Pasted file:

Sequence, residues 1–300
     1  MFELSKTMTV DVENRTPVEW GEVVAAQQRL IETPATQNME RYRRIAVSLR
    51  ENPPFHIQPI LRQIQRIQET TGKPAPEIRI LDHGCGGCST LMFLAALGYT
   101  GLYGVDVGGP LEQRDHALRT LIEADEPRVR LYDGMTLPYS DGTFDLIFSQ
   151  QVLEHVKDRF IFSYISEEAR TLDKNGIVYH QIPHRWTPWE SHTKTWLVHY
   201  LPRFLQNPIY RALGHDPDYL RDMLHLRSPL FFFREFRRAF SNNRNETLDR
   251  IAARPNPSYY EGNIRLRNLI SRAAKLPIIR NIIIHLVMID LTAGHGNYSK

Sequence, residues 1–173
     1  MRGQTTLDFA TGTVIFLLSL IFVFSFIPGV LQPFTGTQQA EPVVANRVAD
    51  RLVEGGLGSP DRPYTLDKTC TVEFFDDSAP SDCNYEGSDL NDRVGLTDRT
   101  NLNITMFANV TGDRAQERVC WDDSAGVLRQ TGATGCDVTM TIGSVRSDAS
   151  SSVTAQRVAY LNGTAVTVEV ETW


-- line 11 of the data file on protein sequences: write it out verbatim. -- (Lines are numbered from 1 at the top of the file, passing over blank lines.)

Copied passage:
   101  NLNITMFANV TGDRAQERVC WDDSAGVLRQ TGATGCDVTM TIGSVRSDAS